Shoreditch Takeover, Shoreditch Town Hall, London

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Shoreditch is the centre of cool in London at the moment, so you would expect its contribution to the Dance Umbrella Festival 2017 to be cutting edge and innovative. On both these counts it certainly delivers. Shoreditch Takeover is made up of four very different pieces, happening in separate spaces within the beautiful old building that is Shoreditch Town Hall. Twenty first century art within nineteenth century architecture.

First is Rays, Sparks and Beating Glows. This is choreographed by Julie Cunningham and is an intense piece, about gender and feminism, for four dancers. It is performed without music, although there is some spoken word towards the end.

Next is Vanessa Kinsuule, who is a wonderful poet. She is, witty, insightful, nostalgic and honest. She has a winning personality, who can really involve an audience and the introductions to the poems are almost as good as the poems themselves.  Her whole set is great and the poem about an evening, dancing at a nightclub, is a highlight.

The third set is Lizbeth Gruwez dances Bob Dylan, a personal interpretation, exploring the edges of dance. For “Knockin’ on Heavens Door”, Lizbeth stands with her back to the audience at the front of the stage and walks, slowly and beautifully, to the back. You haven’t seen minimalism in dance until you have watched this. The Bob Dylan tracks are played on vinyl and are quite scratchy at times, invoking images of drunk and stoned nights in 70’s bedsits.

The final work is a film, The Shadow Drone Project, cleverly filmed from above, where the actual bodies of the dancers can hardly be seen, but instead we watch their shadows interact with each other. Some of this appears choreographed and some not, blurring the line between formal dance and how our brains make patterns.

All in all, a varied and interesting night in a lovely venue, a good addition to the Dance Umbrella Festival 2017.

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Trois Grandes Fugues, Lyon Opera Ballet, Sadler’s Wells, Islington, London

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Trois Grandes Fugues is a simple but clever idea. Three different choreographers take the same piece of music, in this case Beethoven’s “Die Grosse Fuge”, and bring their interpretation of it, to the stage. I came to the show not knowing the music and uninformed with regard to the language of dance.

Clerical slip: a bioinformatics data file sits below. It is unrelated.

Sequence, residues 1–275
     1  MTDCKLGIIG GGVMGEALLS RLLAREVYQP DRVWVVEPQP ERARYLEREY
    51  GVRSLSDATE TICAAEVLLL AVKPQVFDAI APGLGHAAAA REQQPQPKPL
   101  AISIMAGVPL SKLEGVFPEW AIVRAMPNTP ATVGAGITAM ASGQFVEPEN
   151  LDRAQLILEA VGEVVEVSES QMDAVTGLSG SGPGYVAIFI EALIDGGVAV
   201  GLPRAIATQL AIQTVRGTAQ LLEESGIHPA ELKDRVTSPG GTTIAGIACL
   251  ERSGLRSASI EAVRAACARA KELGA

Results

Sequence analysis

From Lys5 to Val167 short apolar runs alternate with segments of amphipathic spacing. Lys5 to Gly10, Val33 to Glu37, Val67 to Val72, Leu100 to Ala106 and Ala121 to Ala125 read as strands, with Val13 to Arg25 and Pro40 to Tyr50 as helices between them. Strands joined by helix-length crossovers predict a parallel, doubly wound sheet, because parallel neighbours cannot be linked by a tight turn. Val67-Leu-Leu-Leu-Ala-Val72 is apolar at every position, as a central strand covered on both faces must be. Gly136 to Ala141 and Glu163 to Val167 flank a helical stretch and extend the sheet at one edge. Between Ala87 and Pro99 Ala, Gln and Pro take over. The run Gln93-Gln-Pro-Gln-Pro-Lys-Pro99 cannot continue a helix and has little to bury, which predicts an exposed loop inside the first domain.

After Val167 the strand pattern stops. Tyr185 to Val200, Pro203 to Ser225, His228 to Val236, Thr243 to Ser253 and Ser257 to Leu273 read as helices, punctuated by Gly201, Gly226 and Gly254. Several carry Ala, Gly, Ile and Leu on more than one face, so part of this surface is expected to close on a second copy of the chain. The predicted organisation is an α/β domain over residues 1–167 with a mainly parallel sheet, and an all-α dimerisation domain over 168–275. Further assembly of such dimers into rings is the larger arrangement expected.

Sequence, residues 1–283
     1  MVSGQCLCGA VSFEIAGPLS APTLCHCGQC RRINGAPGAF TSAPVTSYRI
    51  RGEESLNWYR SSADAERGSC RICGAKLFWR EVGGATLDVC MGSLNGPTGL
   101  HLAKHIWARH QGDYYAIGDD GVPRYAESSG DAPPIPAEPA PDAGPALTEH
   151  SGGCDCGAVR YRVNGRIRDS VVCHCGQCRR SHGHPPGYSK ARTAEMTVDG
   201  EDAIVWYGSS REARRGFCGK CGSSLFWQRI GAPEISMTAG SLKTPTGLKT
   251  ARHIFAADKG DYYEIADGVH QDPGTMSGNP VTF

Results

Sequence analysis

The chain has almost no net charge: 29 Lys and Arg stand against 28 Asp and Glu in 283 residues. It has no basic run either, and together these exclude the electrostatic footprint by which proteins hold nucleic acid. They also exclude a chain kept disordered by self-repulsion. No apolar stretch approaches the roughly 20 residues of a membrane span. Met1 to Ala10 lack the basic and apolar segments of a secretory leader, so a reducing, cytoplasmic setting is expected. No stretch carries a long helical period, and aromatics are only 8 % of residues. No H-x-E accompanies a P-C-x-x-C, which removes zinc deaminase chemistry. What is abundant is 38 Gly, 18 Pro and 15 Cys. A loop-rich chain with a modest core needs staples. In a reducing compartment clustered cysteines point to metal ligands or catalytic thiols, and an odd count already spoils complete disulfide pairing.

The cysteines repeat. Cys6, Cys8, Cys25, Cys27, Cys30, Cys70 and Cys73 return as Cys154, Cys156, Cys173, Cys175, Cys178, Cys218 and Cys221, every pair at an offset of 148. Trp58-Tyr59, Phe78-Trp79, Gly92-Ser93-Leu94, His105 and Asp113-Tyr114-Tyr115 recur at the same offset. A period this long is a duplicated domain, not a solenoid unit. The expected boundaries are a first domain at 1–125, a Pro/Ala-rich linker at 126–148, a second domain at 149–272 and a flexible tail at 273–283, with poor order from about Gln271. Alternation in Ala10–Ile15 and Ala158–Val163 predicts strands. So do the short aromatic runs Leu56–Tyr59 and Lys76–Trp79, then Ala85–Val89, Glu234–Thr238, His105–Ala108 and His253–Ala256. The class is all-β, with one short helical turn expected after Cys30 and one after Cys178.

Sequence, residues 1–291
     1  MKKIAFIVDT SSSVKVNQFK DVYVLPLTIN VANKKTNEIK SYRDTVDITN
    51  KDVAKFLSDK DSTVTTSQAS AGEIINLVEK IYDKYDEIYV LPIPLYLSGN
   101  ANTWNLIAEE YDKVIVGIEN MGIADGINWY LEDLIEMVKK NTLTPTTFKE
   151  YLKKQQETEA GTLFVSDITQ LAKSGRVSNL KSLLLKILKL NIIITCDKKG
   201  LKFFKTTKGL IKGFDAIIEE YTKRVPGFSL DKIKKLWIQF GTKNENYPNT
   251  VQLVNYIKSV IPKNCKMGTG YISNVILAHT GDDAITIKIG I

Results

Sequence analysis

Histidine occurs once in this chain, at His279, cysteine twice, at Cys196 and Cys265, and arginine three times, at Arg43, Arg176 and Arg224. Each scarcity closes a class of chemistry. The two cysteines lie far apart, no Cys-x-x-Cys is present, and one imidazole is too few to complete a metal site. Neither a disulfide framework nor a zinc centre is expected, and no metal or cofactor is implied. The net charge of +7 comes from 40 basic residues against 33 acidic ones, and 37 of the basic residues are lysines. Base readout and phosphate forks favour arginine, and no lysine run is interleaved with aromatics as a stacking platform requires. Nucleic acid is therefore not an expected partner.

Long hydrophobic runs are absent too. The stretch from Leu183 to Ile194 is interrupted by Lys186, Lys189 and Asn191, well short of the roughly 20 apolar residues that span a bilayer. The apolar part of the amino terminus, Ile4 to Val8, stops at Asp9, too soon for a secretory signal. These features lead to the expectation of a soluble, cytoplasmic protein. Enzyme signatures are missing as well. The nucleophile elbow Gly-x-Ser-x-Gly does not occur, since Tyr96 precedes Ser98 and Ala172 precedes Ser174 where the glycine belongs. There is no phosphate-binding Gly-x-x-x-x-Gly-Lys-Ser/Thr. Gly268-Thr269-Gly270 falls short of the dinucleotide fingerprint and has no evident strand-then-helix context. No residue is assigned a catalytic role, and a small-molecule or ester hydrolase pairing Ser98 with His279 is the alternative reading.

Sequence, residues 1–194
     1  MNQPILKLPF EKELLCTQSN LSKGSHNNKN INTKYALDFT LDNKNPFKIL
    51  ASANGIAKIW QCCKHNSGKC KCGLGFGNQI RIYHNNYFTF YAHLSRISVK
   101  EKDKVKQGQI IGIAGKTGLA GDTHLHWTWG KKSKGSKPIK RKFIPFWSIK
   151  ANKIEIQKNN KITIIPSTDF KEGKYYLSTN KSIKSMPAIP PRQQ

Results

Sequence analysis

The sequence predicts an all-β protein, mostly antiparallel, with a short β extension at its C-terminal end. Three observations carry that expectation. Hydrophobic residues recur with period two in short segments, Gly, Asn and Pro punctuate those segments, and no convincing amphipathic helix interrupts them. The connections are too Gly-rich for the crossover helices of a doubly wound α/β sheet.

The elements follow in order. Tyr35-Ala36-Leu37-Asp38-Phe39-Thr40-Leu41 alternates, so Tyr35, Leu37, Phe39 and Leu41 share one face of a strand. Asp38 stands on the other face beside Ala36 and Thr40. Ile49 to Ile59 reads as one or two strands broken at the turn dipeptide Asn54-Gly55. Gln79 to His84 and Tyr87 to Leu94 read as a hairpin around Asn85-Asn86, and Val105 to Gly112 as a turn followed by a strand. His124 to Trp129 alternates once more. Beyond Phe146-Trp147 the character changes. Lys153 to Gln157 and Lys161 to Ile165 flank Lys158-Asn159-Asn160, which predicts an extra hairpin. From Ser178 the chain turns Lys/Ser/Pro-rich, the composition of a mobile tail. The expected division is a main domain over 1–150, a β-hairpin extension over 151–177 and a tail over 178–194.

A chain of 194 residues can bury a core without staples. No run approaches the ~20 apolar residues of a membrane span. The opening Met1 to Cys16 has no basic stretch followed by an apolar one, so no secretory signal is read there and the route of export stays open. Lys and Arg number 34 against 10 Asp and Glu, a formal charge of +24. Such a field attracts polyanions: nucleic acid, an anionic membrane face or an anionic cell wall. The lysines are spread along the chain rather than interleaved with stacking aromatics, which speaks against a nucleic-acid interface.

The three dances are all completely different. The first is the most traditionally classical in its form. Lucinda Childs has six couples investigate the geometric patterns in the music. The dancers are dressed in simple grey figure hugging body suits, the dance is graceful, formal, mathematical and balletic.

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The next, Anne Teresa De Keersmaeker, has her 8 dancers, 6 men and 2 women, in dark suits with open necked white shirts. Formally dressed at first the jackets are removed and some of the shirts are opened as the dance moves on. Each dancer appears to be linked to different sections of the orchestra and they move across the stage, together or apart, each seemingly linked to their own particular instrument.

The final piece by Maguy Marin, has her dancers less formally dressed, in shades of red, and her interpretation is wilder, more emotional, and the four dancers emphasise the dramatic and canonical motifs. They follow each other round the stage in more staccato movements, showing the fierce energy and strife in Beethoven’s work.

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I like Beethoven, usually his pastoral pieces are more to my taste, having heard this 20 minute work three times, each time I enjoyed it more, and I will look out for it, to listen to at home. I had a fantastic evening and I felt like I had been given an introductory lesson into both classical music and dance.